The Cold Front in the Perseus Cluster

A colossal spiral of cold gas in the Perseus cluster stretches for millions of light years, moves at a speed of thousands of kilometers per hour, but remains stable for billions of years.

The X-ray space telescope Chandra observed a colossal “cold front” in the Perseus Cluster. The structure, stretching for two million light years, remains stable for more than five billion years (it is older than the solar system) and moves at a speed of almost 500,000 km / h. About this Stephen Walker (Stephen Walker) and his colleagues write in an article published in the journal Nature Astronomy.

Clusters of galaxies are one of the most massive elements of the large-scale structure of the universe. Gravity holds hundreds together, and in the case of the Perseus Cluster, many thousands of individual galaxies. The core core of Perseus contains a mass that is hundreds of times larger than the Milky Way, and is surrounded by an extremely rarefied gas cloud, heated to 80 million degrees Celsius.

Back in 2012, this gas saw a fast moving “cold front”, the temperature of which did not exceed 30 million degrees Celsius. With earthy weather, it has little in common: the structure was formed during the close interaction of the heavy core of Perseus with a less massive cluster. At its flight near the nucleus, a long “bridge” of the gas cloud stretched out, which was twisted by a rapidly expanding spiral.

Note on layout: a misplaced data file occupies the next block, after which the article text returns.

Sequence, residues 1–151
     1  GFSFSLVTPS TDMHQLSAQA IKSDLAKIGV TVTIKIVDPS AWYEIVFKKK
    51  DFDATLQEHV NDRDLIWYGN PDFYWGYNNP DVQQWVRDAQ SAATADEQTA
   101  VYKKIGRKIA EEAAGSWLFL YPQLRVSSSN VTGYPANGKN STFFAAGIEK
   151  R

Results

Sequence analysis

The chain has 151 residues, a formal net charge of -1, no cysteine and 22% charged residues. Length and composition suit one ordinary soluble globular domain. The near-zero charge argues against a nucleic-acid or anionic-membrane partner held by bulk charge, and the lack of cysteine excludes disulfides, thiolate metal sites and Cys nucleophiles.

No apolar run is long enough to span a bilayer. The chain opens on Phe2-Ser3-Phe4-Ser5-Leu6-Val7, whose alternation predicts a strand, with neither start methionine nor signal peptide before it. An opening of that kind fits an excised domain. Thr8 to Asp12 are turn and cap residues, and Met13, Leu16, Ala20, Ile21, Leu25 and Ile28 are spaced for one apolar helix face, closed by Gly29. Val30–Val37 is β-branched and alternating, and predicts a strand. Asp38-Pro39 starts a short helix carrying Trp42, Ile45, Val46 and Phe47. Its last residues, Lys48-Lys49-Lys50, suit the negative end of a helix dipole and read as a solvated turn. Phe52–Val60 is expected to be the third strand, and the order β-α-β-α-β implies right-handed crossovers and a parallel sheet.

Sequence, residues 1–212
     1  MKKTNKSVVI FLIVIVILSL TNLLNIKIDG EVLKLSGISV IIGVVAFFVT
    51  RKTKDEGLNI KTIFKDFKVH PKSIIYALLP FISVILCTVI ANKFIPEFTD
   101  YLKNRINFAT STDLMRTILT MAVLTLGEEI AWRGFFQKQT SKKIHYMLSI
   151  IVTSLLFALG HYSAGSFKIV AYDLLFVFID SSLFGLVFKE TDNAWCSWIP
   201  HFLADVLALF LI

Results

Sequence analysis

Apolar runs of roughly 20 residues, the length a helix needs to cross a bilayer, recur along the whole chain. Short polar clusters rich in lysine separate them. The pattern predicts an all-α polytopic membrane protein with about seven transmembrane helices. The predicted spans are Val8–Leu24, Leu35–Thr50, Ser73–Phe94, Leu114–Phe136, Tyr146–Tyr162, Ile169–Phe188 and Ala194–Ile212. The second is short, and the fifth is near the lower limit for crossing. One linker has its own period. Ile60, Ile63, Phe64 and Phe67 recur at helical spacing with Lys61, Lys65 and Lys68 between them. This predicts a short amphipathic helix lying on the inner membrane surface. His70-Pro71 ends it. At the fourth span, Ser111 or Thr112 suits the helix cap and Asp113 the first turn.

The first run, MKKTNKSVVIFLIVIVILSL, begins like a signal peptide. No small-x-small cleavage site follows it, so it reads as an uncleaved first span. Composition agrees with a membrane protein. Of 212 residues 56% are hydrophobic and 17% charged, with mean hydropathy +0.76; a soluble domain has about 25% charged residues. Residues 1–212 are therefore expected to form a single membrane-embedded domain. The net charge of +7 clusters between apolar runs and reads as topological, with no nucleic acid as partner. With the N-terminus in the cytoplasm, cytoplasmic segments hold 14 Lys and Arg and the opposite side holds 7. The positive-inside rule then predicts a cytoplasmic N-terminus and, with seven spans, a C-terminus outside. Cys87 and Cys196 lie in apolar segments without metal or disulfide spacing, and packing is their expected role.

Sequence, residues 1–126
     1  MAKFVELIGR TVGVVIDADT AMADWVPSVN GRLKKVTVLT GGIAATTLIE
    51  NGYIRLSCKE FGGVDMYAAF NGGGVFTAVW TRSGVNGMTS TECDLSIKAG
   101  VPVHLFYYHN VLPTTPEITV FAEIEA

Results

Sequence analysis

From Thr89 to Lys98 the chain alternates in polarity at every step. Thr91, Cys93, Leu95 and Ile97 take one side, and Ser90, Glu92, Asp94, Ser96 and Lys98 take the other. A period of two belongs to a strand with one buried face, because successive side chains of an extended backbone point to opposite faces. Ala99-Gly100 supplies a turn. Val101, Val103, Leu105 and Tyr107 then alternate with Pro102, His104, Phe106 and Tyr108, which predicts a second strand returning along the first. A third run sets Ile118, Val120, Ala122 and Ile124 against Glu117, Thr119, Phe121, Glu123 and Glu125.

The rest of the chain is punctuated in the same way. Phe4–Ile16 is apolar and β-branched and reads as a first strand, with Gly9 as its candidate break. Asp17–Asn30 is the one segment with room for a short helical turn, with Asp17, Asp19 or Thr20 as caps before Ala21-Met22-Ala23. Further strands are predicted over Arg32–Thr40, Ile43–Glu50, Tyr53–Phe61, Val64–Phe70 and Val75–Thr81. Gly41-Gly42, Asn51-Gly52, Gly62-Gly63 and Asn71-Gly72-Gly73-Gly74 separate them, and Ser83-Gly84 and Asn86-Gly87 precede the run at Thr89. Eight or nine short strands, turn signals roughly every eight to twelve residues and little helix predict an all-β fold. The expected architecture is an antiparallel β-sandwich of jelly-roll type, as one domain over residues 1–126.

© Chandra X-ray Observatory
 
It is clear that the movement of the “cold front” is accompanied by turbulent phenomena, complex interactions with gas clouds and the supermassive black hole of the galaxy located in the center of the Perseus Cluster. Nevertheless, new observations have shown that the structure remains stable exceptionally long and retains a pronounced front.
 

© NASA / CXC / GSFC / S.Walker, ESA / XMM, ESA / ROSAT
 
This stability, apparently, is connected with the action of the magnetic fields of the “cold front”, which serve as protection against restless external forces. According to scientists, their strength is an order of magnitude higher than that of the magnetic fields surrounding the gas clouds – although millions of times weaker than conventional magnets in our refrigerators.